GOVAN: That was a logical thing. There was also perhaps a bit of a pre-conception that around this deep water, where this deep water was coming in close to the shore, there might have been a greater likelihood of interaction. But that was possibly more psychological than anything else.
CRAWFORD: Did that impression change the way that you dove?
GOVAN: Not really, no.
CRAWFORD: Did you avoid drop-offs?
GOVAN: No. It was just that you never felt as comfortable about diving around a drop-off.
CRAWFORD: Give me a sense, please. What’s the cowboy factor amongst the spearfishing and scuba-diving community? Are they pretty cautious people? Or do tend to be more on the daredevil side?
GOVAN: Well, I can only speak for things like it was back then, of course. There are a lot more young people who have gotten into it now, because gear is much more readily available and so on. Back then, it wasn’t so much a cowboy attitude. Just, if the opportunity came up to go out, and go in the water, even if the weather was bad, and it was often quite bad conditions - we went for a dive. That’s just what we did.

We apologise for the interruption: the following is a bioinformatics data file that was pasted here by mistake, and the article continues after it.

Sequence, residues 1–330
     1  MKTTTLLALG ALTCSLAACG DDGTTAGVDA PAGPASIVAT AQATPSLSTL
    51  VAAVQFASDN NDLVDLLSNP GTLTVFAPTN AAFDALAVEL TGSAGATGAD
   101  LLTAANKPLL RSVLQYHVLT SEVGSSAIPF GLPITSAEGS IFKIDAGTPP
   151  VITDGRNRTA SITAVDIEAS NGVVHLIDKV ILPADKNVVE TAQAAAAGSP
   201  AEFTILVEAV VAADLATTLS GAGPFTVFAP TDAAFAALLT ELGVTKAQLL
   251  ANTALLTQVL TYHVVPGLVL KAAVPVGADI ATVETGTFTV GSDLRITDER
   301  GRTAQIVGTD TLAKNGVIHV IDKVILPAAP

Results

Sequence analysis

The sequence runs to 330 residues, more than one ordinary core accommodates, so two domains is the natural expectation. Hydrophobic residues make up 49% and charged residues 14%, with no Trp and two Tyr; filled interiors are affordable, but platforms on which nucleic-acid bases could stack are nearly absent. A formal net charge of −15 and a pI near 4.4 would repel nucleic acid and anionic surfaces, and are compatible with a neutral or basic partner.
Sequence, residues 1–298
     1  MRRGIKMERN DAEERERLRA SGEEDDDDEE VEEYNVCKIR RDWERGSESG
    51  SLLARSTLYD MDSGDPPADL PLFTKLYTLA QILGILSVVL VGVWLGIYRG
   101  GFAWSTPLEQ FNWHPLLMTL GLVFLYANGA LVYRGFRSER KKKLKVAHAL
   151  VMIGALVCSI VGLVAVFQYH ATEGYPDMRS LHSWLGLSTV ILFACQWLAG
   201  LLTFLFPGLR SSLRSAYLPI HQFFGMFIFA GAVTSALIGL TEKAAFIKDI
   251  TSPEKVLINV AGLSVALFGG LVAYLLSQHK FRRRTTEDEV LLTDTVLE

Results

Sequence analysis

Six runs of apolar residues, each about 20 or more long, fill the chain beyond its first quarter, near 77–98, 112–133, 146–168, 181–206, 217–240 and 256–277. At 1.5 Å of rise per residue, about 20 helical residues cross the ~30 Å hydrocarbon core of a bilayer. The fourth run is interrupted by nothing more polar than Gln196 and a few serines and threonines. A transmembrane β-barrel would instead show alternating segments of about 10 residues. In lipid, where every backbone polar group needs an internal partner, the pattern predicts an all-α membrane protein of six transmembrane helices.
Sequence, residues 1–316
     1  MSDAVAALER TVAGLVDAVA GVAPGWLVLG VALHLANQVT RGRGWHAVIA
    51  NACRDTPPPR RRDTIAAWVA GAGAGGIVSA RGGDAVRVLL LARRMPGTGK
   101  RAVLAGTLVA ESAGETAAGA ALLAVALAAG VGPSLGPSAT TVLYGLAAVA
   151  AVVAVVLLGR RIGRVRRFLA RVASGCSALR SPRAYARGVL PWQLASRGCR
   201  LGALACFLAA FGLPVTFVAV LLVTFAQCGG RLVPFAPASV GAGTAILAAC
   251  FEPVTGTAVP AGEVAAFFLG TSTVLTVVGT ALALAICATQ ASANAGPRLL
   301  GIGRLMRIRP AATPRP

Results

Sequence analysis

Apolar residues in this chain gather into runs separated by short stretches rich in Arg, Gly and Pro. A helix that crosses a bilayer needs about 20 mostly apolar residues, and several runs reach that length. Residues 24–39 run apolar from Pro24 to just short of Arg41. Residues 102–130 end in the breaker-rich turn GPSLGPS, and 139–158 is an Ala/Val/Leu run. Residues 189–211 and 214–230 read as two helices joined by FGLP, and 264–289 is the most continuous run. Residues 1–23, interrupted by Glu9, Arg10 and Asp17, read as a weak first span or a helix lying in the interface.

CRAWFORD: So, maybe just a little bit more on the rugged side?
GOVAN: Yes, but that’s just what we did.
CRAWFORD: I want to come back to Otago Peninsula, and I want to connect the dots on two things you said. First, you said it was already known the Peninsula was sharky - but that there were fewer Seals then, than now.
CRAWFORD: One of the reasons why I wanted to talk to you is that you’ve got that time series and experience going back the 1980’s anyways.
CRAWFORD: Would you say that there has been an increase in White Pointers, as there has also been an increase in Seal abundance at Otago Peninsula?
GOVAN: No, no. In reality there doesn’t seem to be a correlation there, in my experience.
CRAWFORD: Has the number of White Pointer observations been consistent through that time period? Has it gone down? Or up and down? Or what?
GOVAN: Well, of course me and my contemporaries got in a lot more then, so there was a lot more likelihood of sightings then. But from what I hear, I don’t think there are any more sighting now, than there was back then.
CRAWFORD: Do you reckon that overall, there are fewer sightings now or is it probably about the same? Do you still hear about sightings out there?
GOVAN: Occasionally. But probably heard more back then because, of course, I was speaking to more people who were in the water regularly.
CRAWFORD: Fair enough. But also, the number of people who are out in the water, has that increased in the past 20-30 years?
GOVAN: Ahh, yes. A lot of young people are into spearfishing now, relative to what it was back then.
CRAWFORD: Right. But you’re still a member of the community, and if a young person had ...